Politics & Policy

Port Hysteria

The furor over Dubai Ports World is a distraction.

Sen. Lindsey Graham, a Republican from South Carolina, styles himself an independent voice unafraid to speak truth to power. Judging by his performance in the controversy over a company that is owned by the United Arab Emirates potentially managing terminals at six U.S. ports, Graham is also unafraid to speak falsehood to power. He doubts whether we should “outsource major port security to a foreign-based company.”

#ad#He makes it sound as though the U.S. Coast Guard, U.S. Customs and Border Protection, and local police agencies–all of which provide port security–will be retiring as the UAE company Dubai Ports World takes over. This is fantasy. Graham insists that the White House has been “tone-deaf politically” about this issue. He is right, but that doesn’t make it politically deft to misstate facts in an inflammatory way.

Graham, unfortunately, isn’t alone. He is part of a bipartisan herd hoping to win the War on Terror through ill-informed hysteria.

Did some of the 9/11 hijackers come from the UAE, and did the hijackers launder money through that country? Yes, but Britain also has produced terrorists, and the UAE has worked to tighten its financial system. It is arguably our most useful Arab ally, providing an air base and ports crucial to military operations in the Middle East.

The UAE is a kind of Arab model. It is pursuing commercial openness, attempting to orient itself more toward the West. Blackballing the Dubai firm would turn our backs on the UAE’s progress.

Some members of Congress, worried at being portrayed as anti-Arab, have attempted a perverse broad-mindedness by objecting more generally to foreign involvement in U.S. ports. But Dubai Ports World will take over management at certain terminals only because it is purchasing the British company that is already running them. Foreign companies–from Hong Kong, Japan, South Korea, Singapore, and China, among other places–already play a huge role at U.S. ports.

It is loosely said that Dubai Ports World would “take over” six ports. That’s false. The ports are owned by local governmental entities, and the company will manage only a few terminals. For instance, it will manage two terminals out of 14 in Baltimore. The Port Authority of New York and New Jersey owns five terminals devoted chiefly to cargo. Dubai Ports World would be involved in only one, which it would manage together with a Danish firm.

A management company has very little to do with port security. It unloads cargo containers and then holds them until they are hauled out by trucks. As homeland-security expert Stewart Verdery says, this is but a small part of the process. The U.S. begins screening select cargo containers at their port of departure. Then, when they are on their way here, computer-based risk analysis is done to decide which containers need further scrutiny.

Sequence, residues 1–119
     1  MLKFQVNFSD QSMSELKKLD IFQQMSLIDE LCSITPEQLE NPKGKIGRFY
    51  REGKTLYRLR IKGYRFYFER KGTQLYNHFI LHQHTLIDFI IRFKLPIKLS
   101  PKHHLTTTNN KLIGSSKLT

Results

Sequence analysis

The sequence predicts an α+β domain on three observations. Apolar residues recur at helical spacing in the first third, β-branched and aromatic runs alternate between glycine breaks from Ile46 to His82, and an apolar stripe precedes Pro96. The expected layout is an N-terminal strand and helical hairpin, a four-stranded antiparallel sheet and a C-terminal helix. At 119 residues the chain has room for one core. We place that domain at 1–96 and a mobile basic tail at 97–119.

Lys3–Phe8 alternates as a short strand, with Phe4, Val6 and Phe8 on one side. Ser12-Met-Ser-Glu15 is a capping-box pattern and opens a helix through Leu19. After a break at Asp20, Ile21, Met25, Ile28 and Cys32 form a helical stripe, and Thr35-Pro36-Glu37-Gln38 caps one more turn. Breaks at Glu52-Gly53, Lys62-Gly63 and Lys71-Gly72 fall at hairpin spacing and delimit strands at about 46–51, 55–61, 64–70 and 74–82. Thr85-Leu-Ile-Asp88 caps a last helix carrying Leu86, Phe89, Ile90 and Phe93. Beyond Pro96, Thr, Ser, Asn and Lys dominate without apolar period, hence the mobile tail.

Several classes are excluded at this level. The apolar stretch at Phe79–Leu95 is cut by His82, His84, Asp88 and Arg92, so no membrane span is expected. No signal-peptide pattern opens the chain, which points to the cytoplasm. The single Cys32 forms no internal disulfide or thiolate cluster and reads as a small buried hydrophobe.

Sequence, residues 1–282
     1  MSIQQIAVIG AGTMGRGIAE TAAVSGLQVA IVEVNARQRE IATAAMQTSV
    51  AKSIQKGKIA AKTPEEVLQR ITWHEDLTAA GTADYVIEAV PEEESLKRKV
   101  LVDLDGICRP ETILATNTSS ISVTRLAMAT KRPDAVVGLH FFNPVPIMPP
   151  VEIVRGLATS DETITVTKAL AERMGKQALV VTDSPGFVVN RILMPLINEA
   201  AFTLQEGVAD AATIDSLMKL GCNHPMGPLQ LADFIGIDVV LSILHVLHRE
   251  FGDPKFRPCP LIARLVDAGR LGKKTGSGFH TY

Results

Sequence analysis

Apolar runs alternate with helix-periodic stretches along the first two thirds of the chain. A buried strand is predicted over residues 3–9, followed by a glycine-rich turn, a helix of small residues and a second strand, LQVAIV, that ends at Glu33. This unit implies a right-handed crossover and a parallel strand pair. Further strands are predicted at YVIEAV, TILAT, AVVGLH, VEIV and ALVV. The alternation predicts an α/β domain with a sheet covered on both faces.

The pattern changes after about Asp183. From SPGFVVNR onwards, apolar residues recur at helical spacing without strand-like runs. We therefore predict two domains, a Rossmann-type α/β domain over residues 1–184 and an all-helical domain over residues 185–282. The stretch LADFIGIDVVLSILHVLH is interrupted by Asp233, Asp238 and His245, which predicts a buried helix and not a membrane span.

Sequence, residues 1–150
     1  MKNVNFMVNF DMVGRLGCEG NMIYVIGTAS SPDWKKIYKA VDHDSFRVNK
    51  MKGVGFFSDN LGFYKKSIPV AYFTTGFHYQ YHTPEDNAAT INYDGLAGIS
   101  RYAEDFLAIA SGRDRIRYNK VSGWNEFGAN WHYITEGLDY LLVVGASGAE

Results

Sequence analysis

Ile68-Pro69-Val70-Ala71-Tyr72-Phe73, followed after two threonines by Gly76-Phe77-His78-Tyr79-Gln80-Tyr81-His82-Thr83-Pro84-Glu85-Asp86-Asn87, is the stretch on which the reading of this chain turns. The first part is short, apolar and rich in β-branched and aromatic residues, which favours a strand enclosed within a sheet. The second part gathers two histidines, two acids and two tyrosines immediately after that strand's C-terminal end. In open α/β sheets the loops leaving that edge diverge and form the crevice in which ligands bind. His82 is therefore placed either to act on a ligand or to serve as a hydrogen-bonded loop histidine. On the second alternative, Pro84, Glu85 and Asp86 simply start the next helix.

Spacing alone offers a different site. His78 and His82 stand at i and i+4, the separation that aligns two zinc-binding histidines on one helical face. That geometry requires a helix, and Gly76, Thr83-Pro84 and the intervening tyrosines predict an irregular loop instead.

Dubai Ports World would have no role in determining how containers or ships are reviewed and deciding which containers are inspected. Critics complain that the company will obtain inside information about U.S. ports. But because the UAE has signed on to the Container Security Initiative, in which foreign countries cooperate with the U.S. on safeguards, it already is privy to our security practices in general. The company will probably learn more about specific procedures at individual ports, but this knowledge is not that tightly held.

The unionized employees at the ports would stay the same, and almost all of them are U.S. citizens. It seems unlikely that Dubai Ports World, even if it wanted to, could infiltrate Arab terrorists into the International Longshoremen’s Association to plot mayhem in the United States.

We should worry about port security. But the real vulnerability is foreign ports, where something noxious could be loaded on ships headed here. The nightmare, of course, is a nuclear or radiological device. More resources should be poured into detection technology deployed overseas and in the U.S., where only 37 percent of containers go through radiation detectors. That is a real issue; the furor over Dubai Ports World is a distraction.

Rich Lowry is author of Legacy: Paying the Price for the Clinton Years.

(c) 2006 King Features Syndicate

Rich Lowry — Rich Lowry is the editor of National Review. He can be reached via email: comments.lowry@nationalreview.com. 

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